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J Biol Chem. 2003 Jun 27;278(26):23648-55. Epub 2003 Apr 25.

Specific compositions of amyloid-beta peptides as the determinant of toxic beta-aggregation.

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Laboratory for Alzheimer's Disease, RIKEN Brain Science Institute, 2-1 Hirosawa, Wako-shi, Saitama, 351-0198, Japan.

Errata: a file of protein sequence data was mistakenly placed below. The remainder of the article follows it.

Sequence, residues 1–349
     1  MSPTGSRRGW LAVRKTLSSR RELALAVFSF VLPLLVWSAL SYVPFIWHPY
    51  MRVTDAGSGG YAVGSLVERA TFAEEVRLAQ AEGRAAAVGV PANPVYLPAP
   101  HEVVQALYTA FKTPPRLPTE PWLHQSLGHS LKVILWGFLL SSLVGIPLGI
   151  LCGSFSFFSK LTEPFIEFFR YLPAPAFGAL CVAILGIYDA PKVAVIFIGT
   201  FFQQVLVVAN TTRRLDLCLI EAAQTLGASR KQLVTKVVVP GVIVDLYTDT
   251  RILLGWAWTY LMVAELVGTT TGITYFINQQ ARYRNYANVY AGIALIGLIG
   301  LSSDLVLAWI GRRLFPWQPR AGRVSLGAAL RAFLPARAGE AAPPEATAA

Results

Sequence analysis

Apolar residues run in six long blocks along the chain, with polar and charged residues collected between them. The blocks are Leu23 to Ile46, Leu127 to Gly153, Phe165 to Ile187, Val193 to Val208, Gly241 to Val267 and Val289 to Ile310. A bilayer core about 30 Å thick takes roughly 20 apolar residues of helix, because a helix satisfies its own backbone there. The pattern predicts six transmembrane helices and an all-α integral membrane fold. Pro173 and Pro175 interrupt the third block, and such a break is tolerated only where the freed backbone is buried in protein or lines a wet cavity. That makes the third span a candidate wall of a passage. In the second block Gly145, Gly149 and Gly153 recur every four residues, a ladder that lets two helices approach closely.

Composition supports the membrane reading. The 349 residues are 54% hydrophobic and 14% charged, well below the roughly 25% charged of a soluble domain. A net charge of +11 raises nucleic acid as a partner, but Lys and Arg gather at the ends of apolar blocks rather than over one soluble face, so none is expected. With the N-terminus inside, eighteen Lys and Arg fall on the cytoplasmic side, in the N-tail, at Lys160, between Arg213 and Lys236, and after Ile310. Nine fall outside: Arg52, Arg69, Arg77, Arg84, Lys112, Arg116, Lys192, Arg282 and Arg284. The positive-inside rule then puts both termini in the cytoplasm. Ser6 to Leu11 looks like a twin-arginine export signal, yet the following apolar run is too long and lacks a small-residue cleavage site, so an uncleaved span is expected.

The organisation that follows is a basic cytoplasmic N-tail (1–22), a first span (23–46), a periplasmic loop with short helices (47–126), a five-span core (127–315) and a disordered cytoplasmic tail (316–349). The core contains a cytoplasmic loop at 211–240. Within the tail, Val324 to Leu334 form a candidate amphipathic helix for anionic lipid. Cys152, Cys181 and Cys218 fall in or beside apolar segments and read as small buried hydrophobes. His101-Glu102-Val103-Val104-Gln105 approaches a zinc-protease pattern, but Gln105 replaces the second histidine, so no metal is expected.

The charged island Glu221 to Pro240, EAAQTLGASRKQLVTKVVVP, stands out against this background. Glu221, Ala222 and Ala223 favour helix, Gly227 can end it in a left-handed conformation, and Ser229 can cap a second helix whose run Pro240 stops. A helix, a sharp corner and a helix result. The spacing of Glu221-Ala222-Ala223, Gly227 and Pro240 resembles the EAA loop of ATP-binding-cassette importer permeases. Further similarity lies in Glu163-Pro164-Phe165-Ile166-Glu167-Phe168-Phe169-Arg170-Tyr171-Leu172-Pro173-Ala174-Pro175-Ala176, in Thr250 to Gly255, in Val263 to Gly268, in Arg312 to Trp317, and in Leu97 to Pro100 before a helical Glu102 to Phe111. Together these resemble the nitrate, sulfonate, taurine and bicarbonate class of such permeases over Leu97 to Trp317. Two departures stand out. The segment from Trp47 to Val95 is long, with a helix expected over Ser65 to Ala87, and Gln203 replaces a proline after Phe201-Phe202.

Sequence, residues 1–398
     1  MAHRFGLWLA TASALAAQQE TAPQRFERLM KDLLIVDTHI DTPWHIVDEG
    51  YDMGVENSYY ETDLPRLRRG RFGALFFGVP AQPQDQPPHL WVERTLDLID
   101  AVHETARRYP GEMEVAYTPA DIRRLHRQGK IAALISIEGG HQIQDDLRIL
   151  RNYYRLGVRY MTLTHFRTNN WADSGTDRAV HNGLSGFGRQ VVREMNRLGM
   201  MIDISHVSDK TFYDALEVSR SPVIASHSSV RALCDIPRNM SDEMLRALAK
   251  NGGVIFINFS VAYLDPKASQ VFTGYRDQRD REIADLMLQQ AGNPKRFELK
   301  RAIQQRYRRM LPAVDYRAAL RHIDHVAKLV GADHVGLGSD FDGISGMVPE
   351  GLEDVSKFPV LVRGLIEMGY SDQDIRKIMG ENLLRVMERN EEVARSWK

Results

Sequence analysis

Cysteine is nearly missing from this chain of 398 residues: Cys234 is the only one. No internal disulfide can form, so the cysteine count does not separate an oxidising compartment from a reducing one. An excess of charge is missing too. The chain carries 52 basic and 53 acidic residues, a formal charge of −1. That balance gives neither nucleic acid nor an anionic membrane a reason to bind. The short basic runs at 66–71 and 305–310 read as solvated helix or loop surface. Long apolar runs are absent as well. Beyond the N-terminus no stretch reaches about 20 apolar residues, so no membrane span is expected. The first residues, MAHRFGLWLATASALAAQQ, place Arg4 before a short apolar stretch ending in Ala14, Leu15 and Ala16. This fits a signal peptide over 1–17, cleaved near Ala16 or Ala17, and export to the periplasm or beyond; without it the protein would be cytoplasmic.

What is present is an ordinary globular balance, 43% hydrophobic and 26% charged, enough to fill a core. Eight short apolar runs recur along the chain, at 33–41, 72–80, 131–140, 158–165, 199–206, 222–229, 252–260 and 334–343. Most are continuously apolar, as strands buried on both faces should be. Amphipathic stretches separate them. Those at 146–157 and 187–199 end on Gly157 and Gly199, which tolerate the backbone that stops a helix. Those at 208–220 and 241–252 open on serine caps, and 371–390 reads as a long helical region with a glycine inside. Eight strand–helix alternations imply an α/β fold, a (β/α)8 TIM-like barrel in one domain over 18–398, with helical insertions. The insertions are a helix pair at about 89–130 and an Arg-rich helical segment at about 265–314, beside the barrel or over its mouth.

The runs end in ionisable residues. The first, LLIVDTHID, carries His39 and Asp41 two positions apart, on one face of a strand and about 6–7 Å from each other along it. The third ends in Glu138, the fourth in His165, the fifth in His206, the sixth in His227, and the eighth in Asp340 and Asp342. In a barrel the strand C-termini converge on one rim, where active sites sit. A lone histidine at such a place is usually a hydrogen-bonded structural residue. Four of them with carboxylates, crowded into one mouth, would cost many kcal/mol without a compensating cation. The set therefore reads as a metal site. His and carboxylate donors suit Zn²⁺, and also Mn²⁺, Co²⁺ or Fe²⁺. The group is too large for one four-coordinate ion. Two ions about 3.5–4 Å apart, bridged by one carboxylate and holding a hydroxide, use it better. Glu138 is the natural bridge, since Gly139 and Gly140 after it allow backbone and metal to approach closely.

Alzheimer's disease (AD) may be caused by toxic aggregates formed from amyloid-beta (Abeta) peptides. By using Thioflavin T, a dye that specifically binds to beta-sheet structures, we found that highly toxic forms of Abeta-aggregates were formed at the initial stage of fibrillogenesis, which is consistent with recent reports on Abeta oligomers. Formation of such aggregates depends on factors that affect both nucleation and elongation. As reported previously, addition of Abeta42 systematically accelerated the nucleation of Abeta40, most likely because of the extra hydrophobic residues at the C terminus of Abeta42. At Abeta42-increased specific ratio (Abeta40: Abeta42 = 10: 1), on the other hand, not only accelerated nucleation but also induced elongation were observed, suggesting pathogenesis of early-onset AD. Because a larger proportion of Abeta40 than Abeta42 was still required for this phenomenon, we assumed that elongation does not depend only on hydrophobic interactions. Without any change in the C-terminal hydrophobic nature, elongation was effectively induced by mixing wild type Abeta40 with Italian variant Abeta40 (E22K) or Dutch variant (E22Q). We suggest that Abeta peptides in specific compositions that balance hydrophilic and hydrophobic interactions promote the formation of toxic beta-aggregates. These results may introduce a new therapeutic approach through the disruption of this balance.

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